Biskra: You Can't Beat the Real Thing

Wednesday, May 3, 2017 | Biskra, Algeria (map)

The textured streets of Biskra's old town
"Lazem trouh l'Biskra! Wallah lazem!" You have to visit Biskra! You just have to!

Since I first came to Algeria five years ago, I seemed to hear those words all the time. But the desert oasis in question was 400km (250 miles) southeast of Algiers—not exactly a short trip.

So when the exhibition "Biskra: Visions of an Oasis" opened at the Institut du Monde Arabe in Paris last September, it piqued my interest, and I began searching for a moment to break away for a Parisian vacation. But busy month after busy month kept slipping by, and soon it was January and I still hadn't budged. With the exhibition set to end in just days, I toyed with the idea of a quick weekend escape to Paris. That's when I found out I would need to take a work trip... to Biskra. I was thrilled—as if I'd just found out I would need to miss a visit to the Louvre to go meet the real-life Mona Lisa. You can't beat the real thing!

WikiStage Algiers: Young Algerians Tell Their Stories

Monday, April 17, 2017 | Algiers, Algeria (map)

Ibn Ibn Battuta takes the stage (Photo courtesy of Abderrahmane Yaniss Otmani / CAP)
Everyone has a story to tell. Especially in Algeria—the outside world doesn't know your stories. Let's fix that, and let's start today.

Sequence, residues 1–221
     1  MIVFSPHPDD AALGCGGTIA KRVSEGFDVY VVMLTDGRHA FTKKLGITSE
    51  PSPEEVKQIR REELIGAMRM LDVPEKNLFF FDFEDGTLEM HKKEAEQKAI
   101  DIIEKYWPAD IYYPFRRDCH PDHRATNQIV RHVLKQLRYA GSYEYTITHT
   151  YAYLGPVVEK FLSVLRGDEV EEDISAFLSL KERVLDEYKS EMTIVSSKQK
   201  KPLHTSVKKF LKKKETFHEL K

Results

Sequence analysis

That, in essence, was the message of the talk I delivered at WikiStage Algiers, a TEDx-style event held back in December in the capital's brand new, Chinese-built opera house. (The video, I'm told, will be available soon.) In the audience were something close to a thousand young people, many of them from ENP, Algeria's national polytechnical university, whose principal student club organizes the event each year. This year, to cap off my high-profile 2016, they had invited me to speak on a topic of my choice. With guidance from some wise friends, I settled on a topic that is obviously close to my heart—storytelling.

Encouraging young people to tell their stories in the age of Facebook, Instagram, and SnapChat might seem unnecessary back in the US, but here in Algeria, young people lead very different lives. Facebook is just as ubiquitous as back home (if not more so) precisely because of how little opportunity young people here have for self-expression in the real world. Algerian society tends to place high value on respect for elders—who, in turn, tend to abuse this fact by endlessly telling young people how to live their lives. Most youth also feel pressure to conform to very narrow definitions of success. (For some of the elite students I was addressing, for example, family expectations might boil down to "Doctor, pilot, move to France, or you're a letdown... and no complaining about it.")